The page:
Thursday, May 6, 2021

Catching my Breath

This post was written yesterday afternoon.

It's 1 pm and the house is blessedly quiet. This is me, breathing a sigh of relief. 

Let me explain what's transpired over the past few days. Buckle up, it'll be a long one. 

Around 2:30 am Monday morning, I was leaving the bathroom after finishing my getting ready for bed routine when I heard my father calling for help from his bedroom. This is not terribly unusual, as he is 85 and falls a lot due to Parkinson's. He also sleeps alone because back in the 1990s mom moved to a separate bedroom because he had several obnoxious sleep habits including untreated sleep apnea and snoring that sounded like trucks downshifting on the highway, so she moved out in order to get some rest. 

So we have an old man who falls a lot and who lacks the strength to get up by himself, sleeping alone in a bedroom on the other side of the house. Yes, it's stupid, but that's apparently what he wants, even though it often results in him spending hours alone on the floor. 

So by sheer luck I hear him calling for help. I open the door and he's on his knees in front of the nightstand, naked from the waist down, complaining that he fell around 11:30 that evening and can't get up. Having been to this rodeo before and being unable to deadlift a 5'10", 165 pound sack of potatoes into a standing position and then hold him upright until he can get his bearings -- and yes, sack of potatoes is correct, he either lacks the strength to help me or refuses to help, I'm not sure which -- I tell him I'm calling 911.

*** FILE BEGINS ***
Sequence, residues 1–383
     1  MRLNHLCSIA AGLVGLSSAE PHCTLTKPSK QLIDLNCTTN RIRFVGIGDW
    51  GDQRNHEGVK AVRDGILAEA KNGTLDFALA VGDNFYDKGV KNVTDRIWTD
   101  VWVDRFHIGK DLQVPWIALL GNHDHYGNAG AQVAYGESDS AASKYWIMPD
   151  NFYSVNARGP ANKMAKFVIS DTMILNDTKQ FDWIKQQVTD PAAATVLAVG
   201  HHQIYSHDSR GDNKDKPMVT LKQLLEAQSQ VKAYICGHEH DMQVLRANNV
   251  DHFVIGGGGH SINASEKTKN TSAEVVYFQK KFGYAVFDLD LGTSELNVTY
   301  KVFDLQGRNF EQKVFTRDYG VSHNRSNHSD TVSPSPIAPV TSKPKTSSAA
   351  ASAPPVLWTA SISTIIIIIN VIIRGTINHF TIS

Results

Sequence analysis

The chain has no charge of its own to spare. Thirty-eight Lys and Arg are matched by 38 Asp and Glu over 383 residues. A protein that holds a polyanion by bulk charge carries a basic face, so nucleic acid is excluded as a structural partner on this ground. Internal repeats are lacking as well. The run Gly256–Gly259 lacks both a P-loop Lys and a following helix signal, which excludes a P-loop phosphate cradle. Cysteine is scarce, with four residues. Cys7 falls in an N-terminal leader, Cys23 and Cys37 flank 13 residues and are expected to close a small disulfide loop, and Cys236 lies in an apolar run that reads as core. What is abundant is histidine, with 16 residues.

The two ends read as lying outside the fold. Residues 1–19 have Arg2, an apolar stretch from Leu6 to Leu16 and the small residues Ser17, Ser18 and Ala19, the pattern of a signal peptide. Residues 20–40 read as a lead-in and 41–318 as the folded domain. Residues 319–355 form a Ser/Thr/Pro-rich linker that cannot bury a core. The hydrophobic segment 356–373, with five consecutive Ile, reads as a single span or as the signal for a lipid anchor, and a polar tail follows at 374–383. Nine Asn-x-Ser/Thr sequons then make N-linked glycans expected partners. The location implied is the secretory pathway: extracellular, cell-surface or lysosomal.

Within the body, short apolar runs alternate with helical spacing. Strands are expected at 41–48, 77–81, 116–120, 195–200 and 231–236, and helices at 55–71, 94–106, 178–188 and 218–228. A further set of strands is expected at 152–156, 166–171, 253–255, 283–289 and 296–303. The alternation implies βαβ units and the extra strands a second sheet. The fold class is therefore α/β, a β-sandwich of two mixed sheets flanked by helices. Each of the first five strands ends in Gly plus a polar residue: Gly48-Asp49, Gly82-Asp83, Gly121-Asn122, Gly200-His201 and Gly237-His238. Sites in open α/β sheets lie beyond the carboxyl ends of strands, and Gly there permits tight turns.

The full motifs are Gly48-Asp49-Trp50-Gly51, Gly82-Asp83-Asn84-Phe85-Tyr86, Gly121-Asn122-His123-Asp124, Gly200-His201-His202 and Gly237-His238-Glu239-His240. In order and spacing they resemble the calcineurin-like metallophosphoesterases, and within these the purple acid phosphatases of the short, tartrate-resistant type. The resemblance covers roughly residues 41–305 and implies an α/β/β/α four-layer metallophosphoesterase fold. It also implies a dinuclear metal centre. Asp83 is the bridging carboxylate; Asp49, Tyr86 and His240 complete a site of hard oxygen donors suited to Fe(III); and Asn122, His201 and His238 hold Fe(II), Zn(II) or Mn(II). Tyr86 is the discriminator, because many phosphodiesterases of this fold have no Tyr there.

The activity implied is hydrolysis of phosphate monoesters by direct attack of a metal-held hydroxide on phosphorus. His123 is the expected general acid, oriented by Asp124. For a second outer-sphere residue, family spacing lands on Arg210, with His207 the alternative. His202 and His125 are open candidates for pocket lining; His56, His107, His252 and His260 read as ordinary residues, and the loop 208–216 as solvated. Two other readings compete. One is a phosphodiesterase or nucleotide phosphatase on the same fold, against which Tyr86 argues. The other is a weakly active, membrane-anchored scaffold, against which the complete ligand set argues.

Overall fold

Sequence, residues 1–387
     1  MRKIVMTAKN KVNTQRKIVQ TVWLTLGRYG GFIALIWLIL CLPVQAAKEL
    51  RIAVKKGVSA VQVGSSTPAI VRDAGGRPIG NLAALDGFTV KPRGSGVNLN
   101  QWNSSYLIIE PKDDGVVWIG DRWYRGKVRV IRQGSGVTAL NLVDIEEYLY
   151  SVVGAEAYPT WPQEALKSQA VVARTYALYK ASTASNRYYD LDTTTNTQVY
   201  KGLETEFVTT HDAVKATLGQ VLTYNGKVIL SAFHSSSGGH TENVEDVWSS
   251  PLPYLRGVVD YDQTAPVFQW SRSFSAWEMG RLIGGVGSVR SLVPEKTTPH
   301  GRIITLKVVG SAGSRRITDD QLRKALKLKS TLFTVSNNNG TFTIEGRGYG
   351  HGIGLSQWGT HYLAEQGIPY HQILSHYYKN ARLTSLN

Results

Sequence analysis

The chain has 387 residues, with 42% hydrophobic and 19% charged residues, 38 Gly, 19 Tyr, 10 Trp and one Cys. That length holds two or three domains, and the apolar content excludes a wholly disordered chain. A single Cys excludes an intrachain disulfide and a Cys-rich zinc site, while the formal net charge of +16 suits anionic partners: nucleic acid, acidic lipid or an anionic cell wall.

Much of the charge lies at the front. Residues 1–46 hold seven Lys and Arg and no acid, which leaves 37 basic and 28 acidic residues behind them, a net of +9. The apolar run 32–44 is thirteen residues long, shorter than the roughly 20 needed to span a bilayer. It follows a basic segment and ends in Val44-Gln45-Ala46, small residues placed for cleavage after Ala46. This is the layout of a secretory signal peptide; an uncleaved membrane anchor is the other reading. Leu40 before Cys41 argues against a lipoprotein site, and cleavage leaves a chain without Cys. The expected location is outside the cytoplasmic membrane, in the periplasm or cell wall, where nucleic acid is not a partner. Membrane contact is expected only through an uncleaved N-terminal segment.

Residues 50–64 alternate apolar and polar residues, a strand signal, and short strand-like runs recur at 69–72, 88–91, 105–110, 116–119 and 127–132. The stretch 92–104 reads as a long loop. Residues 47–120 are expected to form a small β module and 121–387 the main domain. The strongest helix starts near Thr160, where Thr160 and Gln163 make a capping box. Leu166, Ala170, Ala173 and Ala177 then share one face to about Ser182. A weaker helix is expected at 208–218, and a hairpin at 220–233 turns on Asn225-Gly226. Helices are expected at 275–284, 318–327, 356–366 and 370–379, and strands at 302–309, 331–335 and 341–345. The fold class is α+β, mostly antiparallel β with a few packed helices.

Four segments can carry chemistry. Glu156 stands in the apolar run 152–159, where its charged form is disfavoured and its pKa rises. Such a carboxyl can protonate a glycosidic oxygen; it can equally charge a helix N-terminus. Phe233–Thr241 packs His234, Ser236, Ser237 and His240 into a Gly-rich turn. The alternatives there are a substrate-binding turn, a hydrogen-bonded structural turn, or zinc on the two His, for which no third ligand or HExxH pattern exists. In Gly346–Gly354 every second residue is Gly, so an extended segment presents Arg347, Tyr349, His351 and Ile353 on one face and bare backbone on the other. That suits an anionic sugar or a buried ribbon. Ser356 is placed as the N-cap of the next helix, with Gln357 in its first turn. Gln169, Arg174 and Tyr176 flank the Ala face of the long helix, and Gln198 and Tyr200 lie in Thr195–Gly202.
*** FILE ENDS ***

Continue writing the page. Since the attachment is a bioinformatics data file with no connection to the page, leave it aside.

I call and give the usual information: 85 year old man with Parkinson's, 165 pounds, has fallen and cannot get up, please send burly EMTs to pick him up and assess injuries. The 911 operator asks if anything else is wrong, so I ask him, and he launches into a litany of complaints including "My bones hurt" and "I can't feel my legs". Not wanting to play telephone, and wanting 911 to hear how he sounds (somewhat incoherent, lots of gargle-mumbling), I hand him the phone and make preparations for EMTs: I get dressed, get my mask ready, close the dog gate, turn on the outside lights and unlock the door. 

The EMTs walk in and one of them asks "Have we been here before?" The other one says "Yes, twice." (The first time was the time he fell and I couldn't pick him up, so I called 911; the second time was in the early morning when he was sitting at the table and told mom to call 911 because "I feel like I'm dying." [He wasn't dying. In fact, the doctors couldn't find anything wrong with him. Best guess is that he forgot to take one of his meds.]

So these EMTs know him and know the situation. They pick him up and get him dressed, and he says he wants to go to the ER. I tell the EMTs that's fine, but he has a doctor's appointment at 9 am and it involves fasting for bloodwork, so please don't let him eat anything or drink anything except water. The senior medic senses my utter exhaustion and exasperation and he has a quiet talk with me while his partner talks to my father.